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Targeting 'Hot Zones' may stop spread of HIV in Africa

A new strategy that focuses on targeting "hot zones" - areas where the risk of HIV infection is much higher than the national average - can help stop the spread of the virus in Africa, scientists say. Globally, more than 34 million people are infected with HIV; in sub-Saharan Africa alone, 3 million new infections occur annually. In an attempt to stop the spread of HIV, governments in the region are considering providing antiretroviral drugs to people who do not have the virus but are at risk for becoming infected, researchers said. Such drugs are known as pre-exposure prophylaxis, or PrEP.

Although the conventional strategy - attempting to distribute the drugs to people in every city and village - might seem logical and equitable, researchers at University of California, Los Angeles have devised a plan they said would be much more effective in reducing HIV transmission. The strategy, developed using a complex mathematical model, focuses on targeting "hot zones".

In South Africa, where 17 per cent of the population is infected with HIV, the model predicted that targeting hot zones would prevent 40 per cent more HIV infections than using the conventional strategy - and would therefore be 40 per cent more cost-effective. To develop the strategy, UCLA researchers designed a computer model that calculated and mapped the incidence of HIV in South Africa and identified hot zones.

The model featured three important components: the geographic dispersion of the population, the geographic variation in the severity of the HIV epidemic and the geographic variation in the level of risk behaviour. The model revealed that two of South Africa's nine provinces are hot zones. The researchers then used the model to predict where, and how many, new HIV infections would occur based on using either the conventional strategy or a strategy targeting hot zones for distributing the drugs.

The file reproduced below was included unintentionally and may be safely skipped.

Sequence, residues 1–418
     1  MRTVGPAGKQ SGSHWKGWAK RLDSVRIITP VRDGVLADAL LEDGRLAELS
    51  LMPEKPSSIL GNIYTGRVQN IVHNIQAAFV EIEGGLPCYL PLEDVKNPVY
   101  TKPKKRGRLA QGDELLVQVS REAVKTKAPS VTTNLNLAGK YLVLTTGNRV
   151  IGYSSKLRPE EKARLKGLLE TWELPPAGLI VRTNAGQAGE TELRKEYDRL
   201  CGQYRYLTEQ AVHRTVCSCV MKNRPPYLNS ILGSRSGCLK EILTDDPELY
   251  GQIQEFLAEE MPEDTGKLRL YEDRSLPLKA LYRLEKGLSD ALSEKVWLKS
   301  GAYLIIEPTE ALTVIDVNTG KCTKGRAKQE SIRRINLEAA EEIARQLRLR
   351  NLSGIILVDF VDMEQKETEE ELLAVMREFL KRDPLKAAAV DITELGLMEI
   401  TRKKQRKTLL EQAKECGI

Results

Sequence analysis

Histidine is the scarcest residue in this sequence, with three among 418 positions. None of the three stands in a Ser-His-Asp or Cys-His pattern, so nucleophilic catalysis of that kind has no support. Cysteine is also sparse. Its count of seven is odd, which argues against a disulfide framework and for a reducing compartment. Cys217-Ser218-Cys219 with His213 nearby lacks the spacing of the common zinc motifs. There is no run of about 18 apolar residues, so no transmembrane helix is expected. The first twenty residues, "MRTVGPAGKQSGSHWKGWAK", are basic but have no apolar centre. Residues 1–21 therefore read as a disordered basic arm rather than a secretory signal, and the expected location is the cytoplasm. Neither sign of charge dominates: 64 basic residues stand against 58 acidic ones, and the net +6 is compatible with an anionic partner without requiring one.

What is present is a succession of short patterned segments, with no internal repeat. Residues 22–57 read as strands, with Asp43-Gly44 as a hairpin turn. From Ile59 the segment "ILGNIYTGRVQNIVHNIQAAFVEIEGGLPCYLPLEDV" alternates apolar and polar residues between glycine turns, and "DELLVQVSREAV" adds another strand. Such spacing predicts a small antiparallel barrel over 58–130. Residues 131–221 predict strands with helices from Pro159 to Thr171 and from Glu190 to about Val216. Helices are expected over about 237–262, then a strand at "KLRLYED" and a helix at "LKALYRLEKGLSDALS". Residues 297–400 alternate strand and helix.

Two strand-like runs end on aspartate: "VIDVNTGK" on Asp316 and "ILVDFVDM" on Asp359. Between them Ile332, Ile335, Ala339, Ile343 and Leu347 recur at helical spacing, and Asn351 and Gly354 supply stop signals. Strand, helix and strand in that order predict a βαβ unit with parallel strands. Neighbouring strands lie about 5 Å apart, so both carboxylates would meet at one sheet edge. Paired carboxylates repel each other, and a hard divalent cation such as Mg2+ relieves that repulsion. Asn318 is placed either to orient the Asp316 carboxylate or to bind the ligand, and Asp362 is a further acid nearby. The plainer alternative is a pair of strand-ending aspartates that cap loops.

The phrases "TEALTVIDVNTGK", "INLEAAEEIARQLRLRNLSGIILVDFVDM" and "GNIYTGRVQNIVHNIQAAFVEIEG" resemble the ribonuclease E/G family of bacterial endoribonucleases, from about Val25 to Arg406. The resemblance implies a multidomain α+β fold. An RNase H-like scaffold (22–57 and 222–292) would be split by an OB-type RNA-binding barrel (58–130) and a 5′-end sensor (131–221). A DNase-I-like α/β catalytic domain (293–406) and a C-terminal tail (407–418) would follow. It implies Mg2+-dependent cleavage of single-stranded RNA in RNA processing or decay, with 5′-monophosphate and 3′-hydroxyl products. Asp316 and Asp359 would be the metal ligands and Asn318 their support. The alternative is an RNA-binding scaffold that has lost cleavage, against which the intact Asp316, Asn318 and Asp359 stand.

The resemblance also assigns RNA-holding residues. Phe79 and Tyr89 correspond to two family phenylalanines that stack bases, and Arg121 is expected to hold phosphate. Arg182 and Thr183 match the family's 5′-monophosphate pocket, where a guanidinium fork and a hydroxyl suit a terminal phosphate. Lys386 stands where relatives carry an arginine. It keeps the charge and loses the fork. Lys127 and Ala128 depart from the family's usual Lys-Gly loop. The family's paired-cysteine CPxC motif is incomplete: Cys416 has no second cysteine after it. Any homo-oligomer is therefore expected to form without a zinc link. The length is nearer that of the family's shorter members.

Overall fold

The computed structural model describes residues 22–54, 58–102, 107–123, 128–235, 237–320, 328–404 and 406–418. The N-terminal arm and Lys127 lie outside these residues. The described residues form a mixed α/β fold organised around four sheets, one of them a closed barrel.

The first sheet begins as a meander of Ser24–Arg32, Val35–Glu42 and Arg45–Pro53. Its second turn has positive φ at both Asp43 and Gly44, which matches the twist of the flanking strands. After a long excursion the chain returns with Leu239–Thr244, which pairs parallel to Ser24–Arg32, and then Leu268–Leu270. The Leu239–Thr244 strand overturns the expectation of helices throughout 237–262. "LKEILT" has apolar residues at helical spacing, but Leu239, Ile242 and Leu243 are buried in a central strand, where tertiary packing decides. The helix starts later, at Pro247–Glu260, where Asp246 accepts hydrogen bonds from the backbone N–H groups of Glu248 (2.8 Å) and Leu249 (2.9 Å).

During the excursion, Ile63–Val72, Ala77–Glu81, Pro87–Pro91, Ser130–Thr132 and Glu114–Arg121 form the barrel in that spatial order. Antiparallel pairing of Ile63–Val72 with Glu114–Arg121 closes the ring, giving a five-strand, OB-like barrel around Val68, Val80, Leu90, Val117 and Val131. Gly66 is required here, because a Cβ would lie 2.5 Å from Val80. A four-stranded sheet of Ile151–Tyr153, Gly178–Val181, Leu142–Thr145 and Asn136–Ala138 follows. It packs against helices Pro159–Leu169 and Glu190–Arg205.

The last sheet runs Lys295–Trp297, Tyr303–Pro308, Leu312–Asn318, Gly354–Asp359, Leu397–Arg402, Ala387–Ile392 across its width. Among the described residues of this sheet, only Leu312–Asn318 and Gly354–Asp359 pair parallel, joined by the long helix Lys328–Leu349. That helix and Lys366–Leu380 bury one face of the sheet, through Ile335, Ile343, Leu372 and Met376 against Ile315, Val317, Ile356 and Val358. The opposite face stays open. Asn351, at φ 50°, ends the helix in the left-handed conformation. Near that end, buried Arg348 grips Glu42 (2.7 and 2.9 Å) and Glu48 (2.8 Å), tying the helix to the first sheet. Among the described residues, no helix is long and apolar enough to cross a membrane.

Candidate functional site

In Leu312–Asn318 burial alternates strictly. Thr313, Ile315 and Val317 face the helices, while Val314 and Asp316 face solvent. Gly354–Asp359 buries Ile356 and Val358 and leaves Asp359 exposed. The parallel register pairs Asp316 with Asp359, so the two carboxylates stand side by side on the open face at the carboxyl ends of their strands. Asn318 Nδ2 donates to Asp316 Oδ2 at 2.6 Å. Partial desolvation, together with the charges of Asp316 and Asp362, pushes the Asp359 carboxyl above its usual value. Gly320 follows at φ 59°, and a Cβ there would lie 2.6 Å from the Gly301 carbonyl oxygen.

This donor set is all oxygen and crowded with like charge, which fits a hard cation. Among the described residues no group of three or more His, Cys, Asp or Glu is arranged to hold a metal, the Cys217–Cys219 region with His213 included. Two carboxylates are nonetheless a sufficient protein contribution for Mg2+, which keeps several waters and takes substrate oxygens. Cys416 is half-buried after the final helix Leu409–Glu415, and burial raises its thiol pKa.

"Our results are quite striking. Both strategies would provide PrEP to the same number of people, but using the hot zones plan would prevent 40 per cent more HIV infections than using the conventional plan," said Sally Blower, the paper's senior author. "The methods we developed can be used to find hot zones in any other sub-Saharan countries that have geographic variation in the severity of their HIV epidemic, such as Lesotho, Botswana, Nigeria and Uganda," said David Gerberry, the study's first author and a former UCLA postdoctoral fellow who now is an assistant professor in mathematics at Xavier University.

"Once the hot zones have been found in these countries, our spatial optimisation algorithm can be used to identify the geographic targeting strategy that would be the most cost-effective," he said. The study appears in the journal Nature Communications.

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